Postmenopausal osteoporosis is a high turnover type of osteoporosis induced by estrogen deficiency following menopause. In this type of osteoporosis, the osteoblastic activity is known to be elevated even though bone resorption by osteoclasts eventually exceeds bone formation by osteoblasts, resulting in the deterioration of the bone structure. Although the mechanisms underlying the progression of bone resorption in this disease are relatively well understood, the mechanisms underlying the elevated osteoblastic activity are yet to be elucidated. The purpose of this study is to investigate the possibility that leptin, a 16 kDa circulating hormone secreted mainly by white adipose tissue, is involved in the development and/or progression of the high turnover type of osteoporosis. Immunohistochemical analysis and ELISA were used to examine the expression of leptin in bones of ovariectomized mice. To investigate the effect of leptin on proliferation and osteoblastic differentiation of bone marrow stromal cells, cell proliferation assay and real-time RT-PCR analysis were performed using a mouse bone marrow stromal cell line, MMSC3. Immunohistochemistry and ELISA revealed enhanced expression of leptin in bone marrows of ovariectomized mice. A cell proliferation assay detected no significant effect of leptin on the proliferation of MMSC3 cells. In contrast, real-time RT-PCR revealed that leptin promoted the osteoblastic differentiation of this cell line. Estrogen depletion caused by ovariectomy induces the pregulation of leptin expression in the bone marrow cavity,which leads to the elevated osteoblastic activity observed in the early phase of high turnover type osteoporosis of ovariectomized mice.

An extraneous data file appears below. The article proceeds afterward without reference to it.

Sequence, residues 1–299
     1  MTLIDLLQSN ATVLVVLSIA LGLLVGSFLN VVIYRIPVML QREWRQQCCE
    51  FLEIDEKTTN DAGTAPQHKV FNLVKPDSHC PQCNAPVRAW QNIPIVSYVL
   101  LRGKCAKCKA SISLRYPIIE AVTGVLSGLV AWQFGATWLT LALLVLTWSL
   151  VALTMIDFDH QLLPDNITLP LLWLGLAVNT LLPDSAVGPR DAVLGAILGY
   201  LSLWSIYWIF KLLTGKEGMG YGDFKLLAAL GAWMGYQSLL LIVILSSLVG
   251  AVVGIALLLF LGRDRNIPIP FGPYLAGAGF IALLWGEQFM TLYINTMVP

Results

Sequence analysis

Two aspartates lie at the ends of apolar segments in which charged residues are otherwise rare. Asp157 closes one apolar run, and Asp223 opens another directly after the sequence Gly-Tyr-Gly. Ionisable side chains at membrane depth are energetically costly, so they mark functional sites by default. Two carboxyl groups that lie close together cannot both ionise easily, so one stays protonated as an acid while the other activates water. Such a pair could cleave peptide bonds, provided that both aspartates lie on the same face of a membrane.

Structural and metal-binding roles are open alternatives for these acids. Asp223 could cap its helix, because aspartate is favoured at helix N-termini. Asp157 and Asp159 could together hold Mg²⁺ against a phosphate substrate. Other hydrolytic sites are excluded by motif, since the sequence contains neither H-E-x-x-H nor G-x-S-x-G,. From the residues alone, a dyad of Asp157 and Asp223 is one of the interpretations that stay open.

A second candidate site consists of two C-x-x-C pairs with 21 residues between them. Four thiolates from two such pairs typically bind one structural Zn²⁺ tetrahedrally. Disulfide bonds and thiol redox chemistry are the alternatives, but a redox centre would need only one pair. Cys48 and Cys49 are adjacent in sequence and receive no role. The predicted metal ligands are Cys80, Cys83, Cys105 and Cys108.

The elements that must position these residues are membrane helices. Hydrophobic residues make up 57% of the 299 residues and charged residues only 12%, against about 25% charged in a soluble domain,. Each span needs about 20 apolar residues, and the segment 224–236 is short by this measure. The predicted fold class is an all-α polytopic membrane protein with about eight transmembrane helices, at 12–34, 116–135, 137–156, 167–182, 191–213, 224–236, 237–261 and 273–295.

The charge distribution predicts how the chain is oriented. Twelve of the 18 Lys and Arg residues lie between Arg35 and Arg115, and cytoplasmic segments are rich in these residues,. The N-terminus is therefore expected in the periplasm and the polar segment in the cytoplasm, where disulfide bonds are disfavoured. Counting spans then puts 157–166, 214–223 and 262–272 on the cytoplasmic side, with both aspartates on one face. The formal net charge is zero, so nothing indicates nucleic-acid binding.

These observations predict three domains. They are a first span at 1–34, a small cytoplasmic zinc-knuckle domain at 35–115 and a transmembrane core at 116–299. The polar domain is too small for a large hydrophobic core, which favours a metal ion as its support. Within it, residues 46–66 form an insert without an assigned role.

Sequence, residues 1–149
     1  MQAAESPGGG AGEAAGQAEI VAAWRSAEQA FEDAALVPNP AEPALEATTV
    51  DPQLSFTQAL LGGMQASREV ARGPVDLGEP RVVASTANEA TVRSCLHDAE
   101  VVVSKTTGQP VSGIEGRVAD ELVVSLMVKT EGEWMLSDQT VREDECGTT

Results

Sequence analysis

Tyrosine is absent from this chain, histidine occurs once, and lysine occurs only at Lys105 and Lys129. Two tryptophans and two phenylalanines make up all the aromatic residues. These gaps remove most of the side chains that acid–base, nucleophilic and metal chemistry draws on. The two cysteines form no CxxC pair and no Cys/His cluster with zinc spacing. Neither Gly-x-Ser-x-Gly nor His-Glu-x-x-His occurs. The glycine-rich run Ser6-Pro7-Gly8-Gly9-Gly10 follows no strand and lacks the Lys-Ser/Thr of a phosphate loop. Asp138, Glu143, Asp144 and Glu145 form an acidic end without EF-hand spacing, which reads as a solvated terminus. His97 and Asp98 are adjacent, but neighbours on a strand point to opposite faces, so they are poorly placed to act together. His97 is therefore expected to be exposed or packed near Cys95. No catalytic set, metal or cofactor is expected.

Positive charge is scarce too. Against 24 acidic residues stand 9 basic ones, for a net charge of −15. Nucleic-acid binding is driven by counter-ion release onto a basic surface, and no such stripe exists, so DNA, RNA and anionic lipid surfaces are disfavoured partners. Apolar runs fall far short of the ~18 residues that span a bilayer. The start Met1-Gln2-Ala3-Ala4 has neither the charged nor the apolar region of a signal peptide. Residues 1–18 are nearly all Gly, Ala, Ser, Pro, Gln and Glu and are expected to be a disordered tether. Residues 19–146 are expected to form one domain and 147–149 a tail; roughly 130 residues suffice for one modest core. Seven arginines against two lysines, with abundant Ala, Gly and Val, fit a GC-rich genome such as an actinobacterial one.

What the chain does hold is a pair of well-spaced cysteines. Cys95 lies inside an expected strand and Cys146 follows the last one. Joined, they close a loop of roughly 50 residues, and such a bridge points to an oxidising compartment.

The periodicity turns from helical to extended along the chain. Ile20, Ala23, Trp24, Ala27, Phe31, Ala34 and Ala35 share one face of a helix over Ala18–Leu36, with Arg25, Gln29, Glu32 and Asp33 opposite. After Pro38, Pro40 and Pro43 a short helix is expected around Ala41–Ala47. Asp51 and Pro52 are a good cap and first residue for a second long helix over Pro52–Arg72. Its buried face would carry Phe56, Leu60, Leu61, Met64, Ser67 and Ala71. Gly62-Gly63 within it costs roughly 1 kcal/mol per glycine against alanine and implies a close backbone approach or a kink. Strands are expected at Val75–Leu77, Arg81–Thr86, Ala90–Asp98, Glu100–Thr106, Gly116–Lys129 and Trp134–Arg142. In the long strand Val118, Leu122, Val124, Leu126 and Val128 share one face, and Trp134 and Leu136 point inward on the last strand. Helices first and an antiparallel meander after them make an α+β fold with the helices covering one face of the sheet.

Keywords
Leptin; Osteoporosis; Bone marrow stromal cells; Mesenchymal stem cells; Osteoblastic differentiation; Ovariectomy
Introduction